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Preventive HIV meds now available at the University of Toledo Medical Center

August 19, 2015

The first medicine ever used to prevent HIV began to be distributed this month at the University of Toledo’s Ruppert Health Center.

 

The new drug PrEP, or Pre-Exposure Prophylaxis, works by preventing HIV “from being able to set up shop, essentially,” said Eric Sahloff, an associate professor of pharmacy practice.

 

According to Sahloff, PrEP contains some of the same drugs that are currently used to treat existing HIV cases.

The medication itself is about 90 percent effective, according to Joan Duggan, the chief of infectious disease at UTMC. PrEP is recommended to be accompanied by safe sexual practices like always wearing a condom and using other birth control when it is required.

 

“It doesn’t take the place of other healthy sexual practice,” said Sue Carter, a social worker employed at UTMC.

 

The pill itself is to be taken daily and takes about three weeks before it becomes effective. Sahloff said the side effects of PrEP are mild and can include a stomach ache, diarrhea and possible long-term kidney problems.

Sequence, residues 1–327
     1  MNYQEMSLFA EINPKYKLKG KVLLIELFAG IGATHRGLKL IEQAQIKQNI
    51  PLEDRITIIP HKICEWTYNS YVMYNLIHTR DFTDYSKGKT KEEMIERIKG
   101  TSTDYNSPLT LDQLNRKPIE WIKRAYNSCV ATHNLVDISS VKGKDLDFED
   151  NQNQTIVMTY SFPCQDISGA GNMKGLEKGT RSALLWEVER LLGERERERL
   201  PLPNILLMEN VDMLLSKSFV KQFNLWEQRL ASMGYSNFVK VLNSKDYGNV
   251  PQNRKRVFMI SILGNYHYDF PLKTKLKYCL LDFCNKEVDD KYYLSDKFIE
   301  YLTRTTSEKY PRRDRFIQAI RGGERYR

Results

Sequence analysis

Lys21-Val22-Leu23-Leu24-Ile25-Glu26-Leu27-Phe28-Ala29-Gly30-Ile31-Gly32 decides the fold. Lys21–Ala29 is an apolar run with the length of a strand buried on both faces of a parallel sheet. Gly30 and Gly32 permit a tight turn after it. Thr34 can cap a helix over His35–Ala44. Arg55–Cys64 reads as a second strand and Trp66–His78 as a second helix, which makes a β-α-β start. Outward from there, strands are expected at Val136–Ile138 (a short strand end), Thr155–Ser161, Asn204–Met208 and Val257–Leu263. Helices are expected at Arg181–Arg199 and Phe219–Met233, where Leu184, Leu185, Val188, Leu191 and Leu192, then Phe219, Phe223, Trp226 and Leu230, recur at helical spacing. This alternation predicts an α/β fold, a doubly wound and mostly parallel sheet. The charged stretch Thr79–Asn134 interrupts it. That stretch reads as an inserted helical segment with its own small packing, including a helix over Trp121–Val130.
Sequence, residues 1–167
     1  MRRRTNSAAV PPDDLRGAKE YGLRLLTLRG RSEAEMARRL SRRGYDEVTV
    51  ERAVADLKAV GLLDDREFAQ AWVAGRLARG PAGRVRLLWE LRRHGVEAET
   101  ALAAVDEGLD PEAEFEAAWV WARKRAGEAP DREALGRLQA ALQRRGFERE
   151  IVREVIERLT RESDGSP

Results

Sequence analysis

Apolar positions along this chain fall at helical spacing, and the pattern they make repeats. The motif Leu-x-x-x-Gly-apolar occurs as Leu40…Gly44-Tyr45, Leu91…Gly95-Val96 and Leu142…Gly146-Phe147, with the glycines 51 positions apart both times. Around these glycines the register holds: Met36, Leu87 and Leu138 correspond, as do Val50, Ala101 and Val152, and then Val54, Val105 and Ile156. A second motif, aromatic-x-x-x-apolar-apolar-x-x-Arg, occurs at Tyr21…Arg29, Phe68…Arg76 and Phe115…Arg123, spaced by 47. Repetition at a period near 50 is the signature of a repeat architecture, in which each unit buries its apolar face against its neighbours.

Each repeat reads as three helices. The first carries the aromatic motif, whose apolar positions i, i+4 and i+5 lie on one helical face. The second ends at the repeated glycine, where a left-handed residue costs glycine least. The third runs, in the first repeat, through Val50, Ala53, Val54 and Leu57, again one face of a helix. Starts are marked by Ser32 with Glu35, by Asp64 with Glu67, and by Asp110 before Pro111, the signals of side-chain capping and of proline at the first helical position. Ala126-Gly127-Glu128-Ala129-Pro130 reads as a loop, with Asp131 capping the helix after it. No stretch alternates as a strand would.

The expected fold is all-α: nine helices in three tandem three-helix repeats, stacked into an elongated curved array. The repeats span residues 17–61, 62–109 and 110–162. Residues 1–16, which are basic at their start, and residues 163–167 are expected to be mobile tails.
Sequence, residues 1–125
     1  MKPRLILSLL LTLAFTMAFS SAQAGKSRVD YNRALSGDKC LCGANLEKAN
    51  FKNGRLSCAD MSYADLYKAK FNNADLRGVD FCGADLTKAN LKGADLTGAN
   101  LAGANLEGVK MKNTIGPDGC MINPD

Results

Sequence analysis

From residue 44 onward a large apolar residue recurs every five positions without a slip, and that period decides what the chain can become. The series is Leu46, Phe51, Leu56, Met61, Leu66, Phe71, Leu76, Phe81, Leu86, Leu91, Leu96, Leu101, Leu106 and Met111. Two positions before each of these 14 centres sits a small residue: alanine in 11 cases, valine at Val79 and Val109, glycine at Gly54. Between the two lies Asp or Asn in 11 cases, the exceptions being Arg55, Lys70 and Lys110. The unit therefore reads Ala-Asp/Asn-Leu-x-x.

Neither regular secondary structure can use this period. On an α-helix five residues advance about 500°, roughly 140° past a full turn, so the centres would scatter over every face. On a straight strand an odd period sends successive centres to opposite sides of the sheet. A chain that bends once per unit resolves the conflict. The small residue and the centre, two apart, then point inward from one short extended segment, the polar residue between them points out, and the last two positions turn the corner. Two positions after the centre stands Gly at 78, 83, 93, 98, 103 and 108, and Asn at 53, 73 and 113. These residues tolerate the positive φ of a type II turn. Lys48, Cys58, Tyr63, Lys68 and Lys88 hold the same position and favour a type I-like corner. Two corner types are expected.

“Because this is a new medication, we don’t really know the long-term effects,” Duggan said.

 

All new patients come in for a consultation where they are tested for HIV and other sexually transmitted diseases as well as having a kidney test performed. The patient also fills out a questionnaire to assess the patient’s risk.

 

“If you are in a committed, monogamous relationship for over 6 months, you are not at a high risk,” Duggan said, “but if you’re homeless and have to trade sex for shelter, or have multiple sexual partners, you’re more at risk at the time.”

 

If the clinic determines the patient is eligible for the medication, they are given a three-month dosage and make an appointment for when the three-month period is up. After the medicine runs out the process will be repeated to test for STDs, check the patient’s kidneys and to reassess their risk.

 

Sahloff said although there is not a current exact cost for students who would like to take the pill, there would be little to no out-of-pocket cost if they were on the UT health insurance plan or a private one.

 

For people at high risk without insurance or low-income patients, the company which produces PrEP, Gilliad Science, does offer patient assistance programs to be sure all people who need the medication have access to it.

 

For more information about PrEP, visit start.truvada.com or call the PrEP clinic with any questions at 419-383-6843. The clinic is open 8:30 a.m. to 12 p.m. every Thursday.

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